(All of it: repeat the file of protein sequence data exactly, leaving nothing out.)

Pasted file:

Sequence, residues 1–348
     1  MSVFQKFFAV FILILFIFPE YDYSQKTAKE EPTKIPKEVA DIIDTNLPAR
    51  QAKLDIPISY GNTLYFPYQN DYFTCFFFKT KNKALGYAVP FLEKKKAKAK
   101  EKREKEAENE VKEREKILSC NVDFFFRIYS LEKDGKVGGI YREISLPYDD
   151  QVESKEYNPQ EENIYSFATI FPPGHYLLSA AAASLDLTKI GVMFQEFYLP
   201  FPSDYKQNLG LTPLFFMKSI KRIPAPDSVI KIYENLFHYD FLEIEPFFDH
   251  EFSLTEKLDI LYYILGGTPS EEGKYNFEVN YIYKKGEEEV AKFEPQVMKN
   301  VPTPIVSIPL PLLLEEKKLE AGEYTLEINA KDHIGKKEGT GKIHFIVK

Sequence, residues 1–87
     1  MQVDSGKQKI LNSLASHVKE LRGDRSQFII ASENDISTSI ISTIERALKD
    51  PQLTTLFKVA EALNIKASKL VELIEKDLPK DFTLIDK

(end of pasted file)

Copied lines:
Sequence, residues 1–348
     1  MSVFQKFFAV FILILFIFPE YDYSQKTAKE EPTKIPKEVA DIIDTNLPAR
    51  QAKLDIPISY GNTLYFPYQN DYFTCFFFKT KNKALGYAVP FLEKKKAKAK
   101  EKREKEAENE VKEREKILSC NVDFFFRIYS LEKDGKVGGI YREISLPYDD
   151  QVESKEYNPQ EENIYSFATI FPPGHYLLSA AAASLDLTKI GVMFQEFYLP
   201  FPSDYKQNLG LTPLFFMKSI KRIPAPDSVI KIYENLFHYD FLEIEPFFDH
   251  EFSLTEKLDI LYYILGGTPS EEGKYNFEVN YIYKKGEEEV AKFEPQVMKN
   301  VPTPIVSIPL PLLLEEKKLE AGEYTLEINA KDHIGKKEGT GKIHFIVK

Sequence, residues 1–87
     1  MQVDSGKQKI LNSLASHVKE LRGDRSQFII ASENDISTSI ISTIERALKD
    51  PQLTTLFKVA EALNIKASKL VELIEKDLPK DFTLIDK